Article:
QUAERITUR: What’s with Latin “memineris” and the genetive?

From a reader:

I am singing in a small Gregorian chant "schola" that my wife has organized.  My voice continues to be mediocre, but one thing that I find myself drawn to is the resuscitation of my high school Latin.
 
We are singing "Rorate Caeli" in an upcoming Advent service.  I have a small handbook and a low-budget Latin-English dictionary.
 
Here is a line from the song that I find somewhat confusing.

Ne ultra memineris iniquitatis.
"May you no longer remember [our] iniquities."

I am puzzled by the form "iniquitatis." It looks like a genitive singular, where I am expecting an accusative plural.

Is "memini, meminisse" a verb that takes a genitive object? (Even if so, why would the object be singular?)  The dictionary just says "perfect form for present meaning," and I do appreciate that much information.
 
 
Do you know of someone to whom I could turn with questions of this sort?

Expecting an accusative, are we?  Well… we don’t always get what we want!  o{];¬)

 

You can consult a normal dictionary.  Doing so, you will find that the defective verb memini, "to remember, recollect, to think of, be mindful of a thing" has an "object" in the genetive.  It can also go with the accusative and even be construed with de.  There is a common phrase in Latin Church circles "memento mei"… "be mindful of me". 

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About Fr. John Zuhlsdorf

Fr. Z is the guy who runs this blog. o{]:¬)
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11 Responses to QUAERITUR: What’s with Latin “memineris” and the genetive?

  1. Mike T says:

    Thank you very much, Father Z. Perhaps the time has come to invest in
    a heftier dictionary or handbook.

    …And now to push my luck. Sometimes I encounter the spelling
    “coeli” instead of “caeli.” I wonder if both spellings go back to
    classic times, or am I nuts? (Could be both.) Somebody once told me
    that “oe” and “ae” were distinctly pronounced in the days of Virgil
    and Cicero (as in Am. English “boil” and “bile”), only to converge
    into a single pronunciation (as in Am. English “bail”) by the late
    empire (4th or 5th century A.D.)

  2. Marcin says:

    Memento mori

  3. wsxyz says:

    The German verbs gedenken and sich erinnern, meaning “to recollect, remember”, can both take a genitive object as well.

    Even in English, constructions like “think of me” or “be mindful of us” seem similar.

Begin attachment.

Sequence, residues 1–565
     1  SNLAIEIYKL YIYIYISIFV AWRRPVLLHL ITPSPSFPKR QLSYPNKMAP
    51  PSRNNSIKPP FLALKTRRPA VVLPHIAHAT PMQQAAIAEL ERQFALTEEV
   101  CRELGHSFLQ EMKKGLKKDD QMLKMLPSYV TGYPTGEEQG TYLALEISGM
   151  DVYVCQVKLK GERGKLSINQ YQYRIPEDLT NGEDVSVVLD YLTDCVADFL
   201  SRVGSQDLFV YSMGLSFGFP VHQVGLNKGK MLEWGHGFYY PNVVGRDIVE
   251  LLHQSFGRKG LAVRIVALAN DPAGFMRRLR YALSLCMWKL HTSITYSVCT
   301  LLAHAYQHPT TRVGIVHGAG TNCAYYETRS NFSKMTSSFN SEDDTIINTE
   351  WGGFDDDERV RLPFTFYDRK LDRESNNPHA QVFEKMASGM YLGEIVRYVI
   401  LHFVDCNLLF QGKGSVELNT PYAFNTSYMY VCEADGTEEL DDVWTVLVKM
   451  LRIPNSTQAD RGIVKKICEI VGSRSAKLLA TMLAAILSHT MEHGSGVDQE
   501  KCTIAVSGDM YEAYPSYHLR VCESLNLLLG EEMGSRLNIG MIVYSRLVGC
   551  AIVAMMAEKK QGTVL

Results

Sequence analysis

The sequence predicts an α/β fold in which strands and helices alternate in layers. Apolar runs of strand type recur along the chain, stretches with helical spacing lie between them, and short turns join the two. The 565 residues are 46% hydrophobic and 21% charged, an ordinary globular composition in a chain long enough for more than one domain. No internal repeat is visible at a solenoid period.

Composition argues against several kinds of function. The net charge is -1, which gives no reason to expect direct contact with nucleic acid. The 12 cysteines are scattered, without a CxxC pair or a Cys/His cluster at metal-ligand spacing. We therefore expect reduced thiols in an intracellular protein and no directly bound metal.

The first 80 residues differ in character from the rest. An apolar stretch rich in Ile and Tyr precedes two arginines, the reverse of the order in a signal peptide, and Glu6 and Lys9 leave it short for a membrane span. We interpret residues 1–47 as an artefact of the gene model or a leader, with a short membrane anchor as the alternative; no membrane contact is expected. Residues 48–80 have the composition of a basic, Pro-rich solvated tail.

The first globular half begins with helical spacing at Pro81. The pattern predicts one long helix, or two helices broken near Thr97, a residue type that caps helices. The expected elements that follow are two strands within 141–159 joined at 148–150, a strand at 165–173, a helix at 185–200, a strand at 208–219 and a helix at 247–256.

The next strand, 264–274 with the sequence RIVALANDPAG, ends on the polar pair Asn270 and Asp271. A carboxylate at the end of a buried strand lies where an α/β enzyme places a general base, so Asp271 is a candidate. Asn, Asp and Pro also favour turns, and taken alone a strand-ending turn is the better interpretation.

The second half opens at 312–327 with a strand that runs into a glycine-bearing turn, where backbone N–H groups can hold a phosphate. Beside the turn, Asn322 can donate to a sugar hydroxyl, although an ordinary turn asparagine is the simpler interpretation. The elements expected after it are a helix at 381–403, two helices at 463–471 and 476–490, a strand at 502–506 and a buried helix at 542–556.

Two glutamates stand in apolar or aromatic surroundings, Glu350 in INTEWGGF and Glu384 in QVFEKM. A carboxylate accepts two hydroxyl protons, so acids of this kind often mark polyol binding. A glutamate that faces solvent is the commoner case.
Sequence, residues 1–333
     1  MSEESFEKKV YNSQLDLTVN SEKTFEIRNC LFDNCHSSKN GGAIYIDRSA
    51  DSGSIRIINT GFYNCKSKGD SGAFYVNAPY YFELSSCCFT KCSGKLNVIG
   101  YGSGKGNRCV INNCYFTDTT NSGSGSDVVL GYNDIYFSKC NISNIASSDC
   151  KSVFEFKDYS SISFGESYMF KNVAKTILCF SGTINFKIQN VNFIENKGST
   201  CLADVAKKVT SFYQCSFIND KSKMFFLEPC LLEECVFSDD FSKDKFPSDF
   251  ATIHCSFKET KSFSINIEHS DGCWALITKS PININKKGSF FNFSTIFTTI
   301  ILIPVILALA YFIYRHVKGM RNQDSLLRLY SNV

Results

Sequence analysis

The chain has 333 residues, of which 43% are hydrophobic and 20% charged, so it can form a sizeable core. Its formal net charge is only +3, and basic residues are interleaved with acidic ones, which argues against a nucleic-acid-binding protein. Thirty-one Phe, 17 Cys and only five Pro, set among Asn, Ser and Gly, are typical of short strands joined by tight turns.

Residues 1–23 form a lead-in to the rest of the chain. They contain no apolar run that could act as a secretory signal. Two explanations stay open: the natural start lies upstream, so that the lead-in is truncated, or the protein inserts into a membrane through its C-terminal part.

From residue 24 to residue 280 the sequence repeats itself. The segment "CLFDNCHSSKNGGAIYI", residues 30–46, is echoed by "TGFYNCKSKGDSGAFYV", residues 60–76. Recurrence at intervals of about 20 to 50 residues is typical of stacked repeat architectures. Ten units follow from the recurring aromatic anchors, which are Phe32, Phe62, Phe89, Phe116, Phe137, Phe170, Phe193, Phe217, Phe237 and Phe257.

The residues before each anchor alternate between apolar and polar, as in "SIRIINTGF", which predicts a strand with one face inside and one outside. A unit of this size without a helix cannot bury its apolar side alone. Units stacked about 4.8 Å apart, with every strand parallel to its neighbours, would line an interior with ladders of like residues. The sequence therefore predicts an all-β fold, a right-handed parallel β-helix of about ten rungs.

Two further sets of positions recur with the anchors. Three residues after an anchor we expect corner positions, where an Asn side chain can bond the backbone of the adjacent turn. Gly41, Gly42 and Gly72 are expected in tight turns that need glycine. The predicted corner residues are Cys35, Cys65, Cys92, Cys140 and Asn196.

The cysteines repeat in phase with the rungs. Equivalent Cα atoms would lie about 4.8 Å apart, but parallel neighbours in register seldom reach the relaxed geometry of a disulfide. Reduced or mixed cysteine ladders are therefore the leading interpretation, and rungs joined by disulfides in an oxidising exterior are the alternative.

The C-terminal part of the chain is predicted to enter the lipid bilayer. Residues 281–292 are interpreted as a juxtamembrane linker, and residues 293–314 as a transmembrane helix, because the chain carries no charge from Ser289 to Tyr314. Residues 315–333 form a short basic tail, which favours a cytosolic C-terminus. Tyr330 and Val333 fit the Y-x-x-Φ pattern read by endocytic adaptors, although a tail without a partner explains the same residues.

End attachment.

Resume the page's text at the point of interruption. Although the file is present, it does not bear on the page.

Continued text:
4. Liam says:

    Forsan et haec olim meminisse iuvabit.

  5. jacobus says:

    If you’re taking grammatical questions, Father, I’ve been wondering about that ‘verbo’ in “…tantum dic verbo…” What is it and why isn’t it accusative?

  6. Ian says:

    To answer the ‘singular’ question, it makes perfect sense to say “no longer be mindful of (our) iniquity”. Iniquity seems a state of sinful being here, not a singular incident of sin, hence we are not asking God to disregard each and every sin, but to have mercy on us and turn his eyes away from that fact that we are sinful.

  7. jacobus: That is like saying “Speak by/in a word”.  If you go back to look at the Greek of Matthew 8:8 you can see how this Latin phrase evolved.  The Greek has an aorist imperative followed by a dative giving us “say in a word”.  The Latin follows suit.

  8. jacobus says:

    gratias tibi, Domine.

  9. Jason says:

    I have an off-topic question. I don’t want to derail the thread, but I wouldn’t know where else to ask.

    In the Eucharistic Prayer, when the Priest says, “We do well always and everywhere to give you thanks…” Is “well” an accurate translation of the Latin. This past Sunday it struck me as an odd word choice (I don’t know why it struck me this past Sunday, after hearing it for years). I would expect “we do good always…” So I was just wondering if the Latin says “well” as well?

  10. Frank H says:

    Jason, I don’t know about the Latin, but I have always heard it as “We do well, always and everywhere, to give you thanks…”. So, “good” would not work, since you wouldn’t say “We do good to give you thanks.”

  11. Jason says:

    The way I’ve always understood the line, it is saying “We do good actions always in thanks to you.” But I see how “well” would work if the prayer is saying “we do our best to give you thanks always.”